A Postmortem on the Whitney Biennial
Writing from New York, Allison Hewitt Ward takes a critical look at the events that shaped the controversy of the “Tear Gas Biennial” this summer and untangles the messy aftermath.
It’s a curious coincidence that the kinetic sculptor Takis passed away this summer, just weeks after a new generation of artists’ protests successfully forced the resignation of Whitney Museum of American Art Board Vice-Chairman Warren Kanders. It was, after all, Takis’s puerile gesture in 1969 of removing his artwork from an exhibition at the Museum of Modern Art that sparked the formation of New York’s Art Workers Coalition. In a flurry of activity in 1969 and 70 the group took on museum accessibility, racial representation, the Vietnam War, and workers’ struggles.
Fifty years after the AWC, we have Decolonize This Place. Founded in 2016 to protest “This Place,” a show at the Brooklyn Museum of photography from the occupied West Bank, DTP exploded a rather straightforward claim – that “This Place” was too sympathetic to Israeli colonisers and should be decolonised – into a postmodern popular front, claiming issues ranging from colonialism, indigenous land rights, black struggles, gentrification, and more. The Whitney fell into their crosshairs when Hyperallergic broke the story that Kanders owns Safariland, a company that produces tear gas used at the US-Mexico border. Over one hundred Whitney staff members published an open letter demanding that the Museum consider asking for Kanders’s resignation. DTP organised several protests demanding his expulsion leading up to the Biennial, a recurring exhibition that sets the watermark for American art. Its prominence has made nearly every iteration subject to some kind of scandal, but this time the scandal thoroughly eclipsed the show itself.
DTP can’t take all the credit for Kanders’ departure, though. The Biennial had been running for several weeks before prominent black critics Hannah Black, Ciarán Finlayson, and Tobey Hassett published “The Teargas Biennial” in Artforum, prompting eight artists to ask that their work be removed from the exhibition. After months of holding out against ongoing protests, it took Kanders only a few days after that episode to announce his resignation. It happened so quickly that none of the artworks were actually removed. The show remains intact for the remainder of its run.
One walks away feeling that something extraordinary has happened and at the same time nothing at all. Critic Ben Davis was quick to hail it as a paradigm shifting event; DTP vowed to make it a starting point for a larger movement to decolonise museums. But the earth has not yet shattered, and I highly doubt it will.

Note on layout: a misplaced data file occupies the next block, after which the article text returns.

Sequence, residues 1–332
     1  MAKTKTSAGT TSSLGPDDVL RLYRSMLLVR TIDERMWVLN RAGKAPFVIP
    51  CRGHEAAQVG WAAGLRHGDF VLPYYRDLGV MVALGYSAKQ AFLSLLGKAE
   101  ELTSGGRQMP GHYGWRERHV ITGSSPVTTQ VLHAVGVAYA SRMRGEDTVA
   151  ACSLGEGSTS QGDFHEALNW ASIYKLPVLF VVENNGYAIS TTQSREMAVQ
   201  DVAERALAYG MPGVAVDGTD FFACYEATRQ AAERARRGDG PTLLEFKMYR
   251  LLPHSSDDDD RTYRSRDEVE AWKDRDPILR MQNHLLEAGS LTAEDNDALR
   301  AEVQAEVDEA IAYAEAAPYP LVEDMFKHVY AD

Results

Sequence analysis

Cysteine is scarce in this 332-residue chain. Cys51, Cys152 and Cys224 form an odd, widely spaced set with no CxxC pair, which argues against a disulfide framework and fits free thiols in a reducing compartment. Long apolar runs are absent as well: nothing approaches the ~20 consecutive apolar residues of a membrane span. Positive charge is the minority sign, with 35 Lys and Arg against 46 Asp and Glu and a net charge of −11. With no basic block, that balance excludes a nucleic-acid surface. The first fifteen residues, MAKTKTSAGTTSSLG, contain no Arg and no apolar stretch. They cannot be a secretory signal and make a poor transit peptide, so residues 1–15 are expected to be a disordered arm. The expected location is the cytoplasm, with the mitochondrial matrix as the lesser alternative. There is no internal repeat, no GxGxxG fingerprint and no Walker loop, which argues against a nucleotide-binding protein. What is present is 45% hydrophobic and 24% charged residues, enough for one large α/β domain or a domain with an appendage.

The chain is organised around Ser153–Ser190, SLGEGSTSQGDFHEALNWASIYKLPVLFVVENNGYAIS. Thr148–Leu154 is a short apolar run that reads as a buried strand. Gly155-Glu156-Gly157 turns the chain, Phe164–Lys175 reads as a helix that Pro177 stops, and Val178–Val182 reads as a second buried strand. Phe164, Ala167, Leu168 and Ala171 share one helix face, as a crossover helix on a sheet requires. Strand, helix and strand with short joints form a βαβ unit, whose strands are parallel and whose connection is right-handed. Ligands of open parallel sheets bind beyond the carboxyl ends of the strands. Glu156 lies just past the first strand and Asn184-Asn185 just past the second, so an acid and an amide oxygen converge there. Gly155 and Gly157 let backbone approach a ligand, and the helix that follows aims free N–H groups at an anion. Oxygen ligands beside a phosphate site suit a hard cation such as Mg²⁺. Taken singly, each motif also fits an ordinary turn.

If this signals any kind of change, it’s but another step on a long, steady march: the subordination of art – you know, that stuff you look at – to the politics that surround it, so much so that all those pictures become a footnote to the struggle.
I do agree with Davis on one point: Kanders’s resignation will be what the 2019 Biennial is remembered for. But that’s precisely the problem: it will be the sideshow, not the art, that goes down in history.
This Biennial was modest, yes, but excellent, and not only because it’s the youngest and most diverse Biennial in recent memory. Foregoing the swagger of the 2017 iteration, this Biennial lets the artworks shine. The curation wisely shifts from a focus on identity as subject matter to identity as characteristic. A universalising view of blackness gives way to a diversity of black artists, for example. Aesthetic accomplishments are uplifted and given room to breathe. The Whitney seems to have resolved (as much as possible) the issue of identity by reframing it as but one trait shared – or not – by unique artists.
Nonetheless, identity did become an issue after the first round of reviews. The claim by (mostly white, mostly male) critics that the show wasn’t radical provoked immediate backlash. “White supremacy doesn’t get to decide whether our work or actions are ‘radical’ enough to liberate our peoples from white supremacy,” DTP warned. Participating artist Simone Leigh opined in an Instagram post that the mostly-white reviewers didn’t get her work because it was intended “for black women.” But her statement was immediately followed by a list of prerequisites for comprehension that would take a master's degree to attain, a gesture Hyperallergic’s Seph Rodney clocked as “another kind of gate keeping.” His warning bears repeating: